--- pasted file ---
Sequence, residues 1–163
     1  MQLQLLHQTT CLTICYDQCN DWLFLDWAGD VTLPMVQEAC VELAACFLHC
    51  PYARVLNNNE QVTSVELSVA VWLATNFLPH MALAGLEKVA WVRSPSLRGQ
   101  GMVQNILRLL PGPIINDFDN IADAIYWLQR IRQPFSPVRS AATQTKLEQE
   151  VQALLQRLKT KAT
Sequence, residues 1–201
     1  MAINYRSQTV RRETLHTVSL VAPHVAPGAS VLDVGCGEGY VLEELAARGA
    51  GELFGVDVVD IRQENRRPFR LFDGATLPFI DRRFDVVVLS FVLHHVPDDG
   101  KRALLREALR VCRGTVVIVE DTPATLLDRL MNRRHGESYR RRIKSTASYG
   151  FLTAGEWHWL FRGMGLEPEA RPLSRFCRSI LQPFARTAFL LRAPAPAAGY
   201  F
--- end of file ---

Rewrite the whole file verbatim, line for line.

Sequence, residues 1–163
     1  MQLQLLHQTT CLTICYDQCN DWLFLDWAGD VTLPMVQEAC VELAACFLHC
    51  PYARVLNNNE QVTSVELSVA VWLATNFLPH MALAGLEKVA WVRSPSLRGQ
   101  GMVQNILRLL PGPIINDFDN IADAIYWLQR IRQPFSPVRS AATQTKLEQE
   151  VQALLQRLKT KAT
Sequence, residues 1–201
     1  MAINYRSQTV RRETLHTVSL VAPHVAPGAS VLDVGCGEGY VLEELAARGA
    51  GELFGVDVVD IRQENRRPFR LFDGATLPFI DRRFDVVVLS FVLHHVPDDG
   101  KRALLREALR VCRGTVVIVE DTPATLLDRL MNRRHGESYR RRIKSTASYG
   151  FLTAGEWHWL FRGMGLEPEA RPLSRFCRSI LQPFARTAFL LRAPAPAAGY
   201  F